The NAR-DOJ settlement is the gift that keeps on giving. To a blogger at least. Well, to a blogger that happens to be interested in such an obscure and unimportant topic.
The latest piece of information is throwing me from confusion directly into bizarro-land. NAR released a “Special Report” in which it announced that it and the DOJ has agreed on MLS policy. The relevant part is this:
NAR has reached a favorable settlement with the U.S. Department of Justice, resolving the litigation between them over the display of listings from the MLS on brokers’ virtual office Web (VOW) sites. The final order, to be filed with the federal district court in Chicago today, validates NAR’s long-standing Internet data exchange (IDX) policy and strengthens the membership rules governing multiple listing services.
Say what now?
Here’s section (V) of the Proposed Final Order, entitled “Required Conduct”:
A. Within five business days after entry of this Final Judgment, NAR shall repeal the ILD Policy and direct each Member Board that adopted Rules implementing the ILD Policy to repeal such Rules at the next meeting of the Member Board’s decisionmaking body that occurs more than ten days after receipt of the directive, but no later than ninety days after entry of this Final Judgment.
Section V goes on to talk about implementing the new Modified VOW Policy (which was attached, and described as a Revised VOW Policy), setting up an Antitrust Compliance Officer at NAR, etc. It never mentions ILD or IDX ever again in the document.
The Revised VOW Policy mentions the term IDX exactly once, under section I. Definitions and Scope of Policy:
Participants’ Internet websites, including those operated for Participants by AVP’s [Affiliate VOW Partner], may also provide other features, information, or services in addition to VOWs (including the Internet Data Exchange (“IDX”) function). Section I(a)(3), Revised VOW Policy.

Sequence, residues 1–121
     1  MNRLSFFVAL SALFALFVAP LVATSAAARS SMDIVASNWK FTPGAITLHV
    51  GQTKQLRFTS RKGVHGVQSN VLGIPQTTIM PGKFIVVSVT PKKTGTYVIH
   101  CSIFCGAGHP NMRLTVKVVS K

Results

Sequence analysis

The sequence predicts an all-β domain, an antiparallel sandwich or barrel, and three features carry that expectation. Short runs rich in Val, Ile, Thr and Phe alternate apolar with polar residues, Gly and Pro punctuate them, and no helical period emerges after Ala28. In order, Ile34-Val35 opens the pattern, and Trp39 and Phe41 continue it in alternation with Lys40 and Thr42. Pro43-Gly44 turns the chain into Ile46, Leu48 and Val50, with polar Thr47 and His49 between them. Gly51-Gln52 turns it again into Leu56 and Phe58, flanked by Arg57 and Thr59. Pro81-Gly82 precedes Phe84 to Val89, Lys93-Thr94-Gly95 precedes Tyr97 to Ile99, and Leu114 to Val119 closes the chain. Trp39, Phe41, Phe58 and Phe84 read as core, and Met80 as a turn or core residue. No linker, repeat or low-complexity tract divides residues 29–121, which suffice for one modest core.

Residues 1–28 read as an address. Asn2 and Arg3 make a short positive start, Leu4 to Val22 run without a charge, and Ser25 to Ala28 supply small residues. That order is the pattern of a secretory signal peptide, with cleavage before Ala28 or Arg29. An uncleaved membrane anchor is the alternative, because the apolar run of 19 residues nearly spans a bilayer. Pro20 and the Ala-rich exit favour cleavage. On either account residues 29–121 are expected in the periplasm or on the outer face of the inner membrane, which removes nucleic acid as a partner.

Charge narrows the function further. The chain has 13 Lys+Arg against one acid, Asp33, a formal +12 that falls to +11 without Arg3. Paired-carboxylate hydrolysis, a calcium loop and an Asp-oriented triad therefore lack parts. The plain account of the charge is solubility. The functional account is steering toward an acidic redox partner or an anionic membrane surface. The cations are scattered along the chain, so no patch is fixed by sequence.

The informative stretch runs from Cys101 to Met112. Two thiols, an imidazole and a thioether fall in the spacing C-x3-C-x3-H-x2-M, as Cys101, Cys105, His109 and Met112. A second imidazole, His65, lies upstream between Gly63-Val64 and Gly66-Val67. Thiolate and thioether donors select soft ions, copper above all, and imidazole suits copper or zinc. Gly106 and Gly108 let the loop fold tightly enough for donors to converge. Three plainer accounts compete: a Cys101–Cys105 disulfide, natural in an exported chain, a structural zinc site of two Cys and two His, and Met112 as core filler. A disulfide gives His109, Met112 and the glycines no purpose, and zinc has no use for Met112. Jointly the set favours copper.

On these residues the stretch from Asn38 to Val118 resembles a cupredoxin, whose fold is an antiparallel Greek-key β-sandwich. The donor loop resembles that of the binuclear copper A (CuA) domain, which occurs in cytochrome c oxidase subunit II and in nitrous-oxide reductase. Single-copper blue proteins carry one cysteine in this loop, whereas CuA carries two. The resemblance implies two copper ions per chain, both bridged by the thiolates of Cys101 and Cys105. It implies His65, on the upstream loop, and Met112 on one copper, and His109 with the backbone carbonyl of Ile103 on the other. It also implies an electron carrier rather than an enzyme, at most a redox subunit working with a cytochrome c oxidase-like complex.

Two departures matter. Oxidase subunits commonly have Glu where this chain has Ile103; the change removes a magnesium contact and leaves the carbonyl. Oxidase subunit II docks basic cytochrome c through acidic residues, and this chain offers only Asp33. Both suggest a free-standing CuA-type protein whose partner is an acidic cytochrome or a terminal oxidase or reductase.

Nowhere else is “IDX” mentioned.
Now… about NAR’s “longstanding Internet data exchange (IDX) policy”… here’s NAR in 2005:
NAR has adopted a new policy to govern the display of MLS listings on the Internet. This new policy, Internet Listing Display (ILD),replaces NAR’s Internet Data Exchange (IDX) and Virtual Office Website (VOW) policies, and is effective immediately. MLSs have until July 1, 2006, to adopt the new policy.
This Internet Listing Display policy was specifically repealed by the Final Order.
So… NAR’s “Special Report” basically says this:
The Final Order validates NAR’s longstanding IDX policies by repealing them specifically, by name.
Lest anyone thinks this is just an unimportant little piece of legal trivia, we’re already hearing very confused things at OnBoard (my employer). While I don’t like to mix the day job and blogging, in this case, it’s extremely relevant. We’re hearing from clients that they believe this settlement affects them, despite the fact that they do not operate a VOW. We’re getting questions on whether this settlement affects them, and in one case, we have a client who believes he is now completely freed of all IDX rules.
I went searching for the old IDX Policy, circa 2000, and couldn’t locate it. But I did find ARMLS (Arizona MLS) IDX Policy of 2006 online, and there are provisions like these:
11. The name of the real estate brokerage that has the property listed must be displayed on the screen and in printed reports for each property where the property information is presented in a “Full View.” The real estate brokerage name must be displayed in the same font size as the listing information. For purposes of this policy, “Full View” means the display of listing information that includes seven or more data fields.
12. An IDX Broker may not modify, enhance or manipulate a Shared Listing. In addition, listing information from other sources may not be combined with IDX Listings. For instance, property listings from other multiple listing services, for sale by owner properties and properties not in the MLS may not be combined with the IDX Database.
Right now, it is not at all clear to me that someone taking an IDX feed from ARMLS has to obey these rules. Maybe I can decide not to display the name of the listing brokerage. Maybe I can modify or enhance a Shared Listing, and mix FSBO listings with the IDX listings. Even if the Revised VOW Policy says I can’t do those things, that only covers VOW’s, not IDX websites.
Here’s hoping that NAR acts swiftly to correct this serious gap in policy, because I can nearly guarantee that our client who thinks he is no longer bound by IDX rules is NOT alone.